GNU Texinfo is an open source and 100% free software project designed from the ground up to act as the official documentation format of the GNU project. It was invented by Bob Chassell and Richard Stallman many years ago, and inspired by Brian Reid's Scribe formatting language, among other formatting languages that were popular at the point in time.
Can produce printed and online documentation
The software uses a single source file to produce output in a number of formats, both printed and online in various file formats, including HTML (HyperText Markup Language), PDF (Portable Document Format), XML (Extensible Markup Language), DVI (Digital Visual Interface), INFO, and many others.
It is used by many non-GNU projects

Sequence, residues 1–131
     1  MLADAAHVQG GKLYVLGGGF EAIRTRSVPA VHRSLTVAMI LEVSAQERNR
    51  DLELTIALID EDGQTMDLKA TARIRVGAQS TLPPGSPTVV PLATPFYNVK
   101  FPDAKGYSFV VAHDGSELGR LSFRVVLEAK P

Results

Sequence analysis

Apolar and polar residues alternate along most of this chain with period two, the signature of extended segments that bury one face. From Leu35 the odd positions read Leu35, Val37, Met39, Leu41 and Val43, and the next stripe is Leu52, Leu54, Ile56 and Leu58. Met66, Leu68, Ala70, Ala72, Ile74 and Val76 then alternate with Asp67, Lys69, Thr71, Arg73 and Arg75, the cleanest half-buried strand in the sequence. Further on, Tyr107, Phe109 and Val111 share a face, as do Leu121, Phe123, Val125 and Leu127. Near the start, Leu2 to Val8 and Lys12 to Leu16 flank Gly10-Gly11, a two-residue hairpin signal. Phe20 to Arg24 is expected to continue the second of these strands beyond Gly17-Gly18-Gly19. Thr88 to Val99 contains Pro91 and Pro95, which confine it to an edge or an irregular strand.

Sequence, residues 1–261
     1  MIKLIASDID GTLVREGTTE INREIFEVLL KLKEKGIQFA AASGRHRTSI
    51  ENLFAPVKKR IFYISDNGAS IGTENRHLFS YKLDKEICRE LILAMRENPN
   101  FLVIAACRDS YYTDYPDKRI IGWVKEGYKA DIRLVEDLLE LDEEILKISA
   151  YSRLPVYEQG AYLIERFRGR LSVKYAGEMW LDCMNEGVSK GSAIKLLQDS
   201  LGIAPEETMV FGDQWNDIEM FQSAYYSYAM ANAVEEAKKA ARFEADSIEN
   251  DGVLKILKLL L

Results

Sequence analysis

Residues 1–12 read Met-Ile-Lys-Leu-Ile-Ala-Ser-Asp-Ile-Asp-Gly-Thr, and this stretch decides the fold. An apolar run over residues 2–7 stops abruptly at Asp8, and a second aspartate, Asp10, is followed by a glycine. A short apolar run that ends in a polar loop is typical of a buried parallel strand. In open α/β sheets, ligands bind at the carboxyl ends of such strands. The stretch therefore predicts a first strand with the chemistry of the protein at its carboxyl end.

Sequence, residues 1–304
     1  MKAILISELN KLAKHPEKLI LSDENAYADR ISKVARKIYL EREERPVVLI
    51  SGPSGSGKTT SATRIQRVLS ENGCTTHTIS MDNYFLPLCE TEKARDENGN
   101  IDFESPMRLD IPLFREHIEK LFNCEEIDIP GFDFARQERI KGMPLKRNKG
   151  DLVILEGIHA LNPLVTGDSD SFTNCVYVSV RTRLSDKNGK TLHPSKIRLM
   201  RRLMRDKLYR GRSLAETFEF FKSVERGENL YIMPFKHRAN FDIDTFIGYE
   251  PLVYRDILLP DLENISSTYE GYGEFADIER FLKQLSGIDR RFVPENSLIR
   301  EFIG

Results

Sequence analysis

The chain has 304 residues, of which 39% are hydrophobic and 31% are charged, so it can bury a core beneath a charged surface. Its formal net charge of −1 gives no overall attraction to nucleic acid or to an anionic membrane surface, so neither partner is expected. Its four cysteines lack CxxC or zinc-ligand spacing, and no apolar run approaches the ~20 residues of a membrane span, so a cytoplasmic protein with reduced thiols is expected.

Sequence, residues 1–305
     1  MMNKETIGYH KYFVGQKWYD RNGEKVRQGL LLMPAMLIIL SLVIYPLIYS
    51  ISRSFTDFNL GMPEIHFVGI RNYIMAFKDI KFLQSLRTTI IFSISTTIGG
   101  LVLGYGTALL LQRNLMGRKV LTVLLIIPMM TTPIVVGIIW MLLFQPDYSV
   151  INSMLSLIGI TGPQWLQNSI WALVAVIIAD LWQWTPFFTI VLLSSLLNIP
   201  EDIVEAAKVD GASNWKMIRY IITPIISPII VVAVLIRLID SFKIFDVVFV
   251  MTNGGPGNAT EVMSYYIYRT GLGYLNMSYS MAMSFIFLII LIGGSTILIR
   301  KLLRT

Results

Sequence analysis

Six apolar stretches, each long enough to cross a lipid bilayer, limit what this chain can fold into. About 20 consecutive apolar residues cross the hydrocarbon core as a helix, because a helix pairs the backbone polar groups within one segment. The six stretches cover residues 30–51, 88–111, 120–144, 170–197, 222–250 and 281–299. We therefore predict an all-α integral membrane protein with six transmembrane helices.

The GNU Texinfo system is very well integrated with the GNU Emacs application and it is used by many non-GNU projects as well. The software is distributed across all known GNU/Linux operating systems, as well as on several UNIX-like variants, such as BSD (FreeBSD, OpenBSD, NetBSD).
Consists of various command-line tools
The GNU Texinfo package consists of various command-line tools, among which we can mention detexinfo, pdftexi2dvi for converting .pdf and .texi files to .dvi, texi2dvi for converting .texi files to .dvi, texi2html for converting .texi files to .html, texi2pdf for converting .texi files to .pdf, texindex, and txixml2texi for convertign .xml files to .texi.
Getting started with GNU Texinfo
To install the GNU Texinfo software on your GNU/Linux operating system, download the latest release from either Softpedia or its website, save the archive on your Home directory, unpack it, and open a Terminal app.
In the terminal emulator window, go to the location of the extracted archive files (e.g. cd /home/softpedia/texinfo-5.2), run the ‘./configure && make’ command to configure and compile the program, which can be installed by running the ‘sudo make install’ command.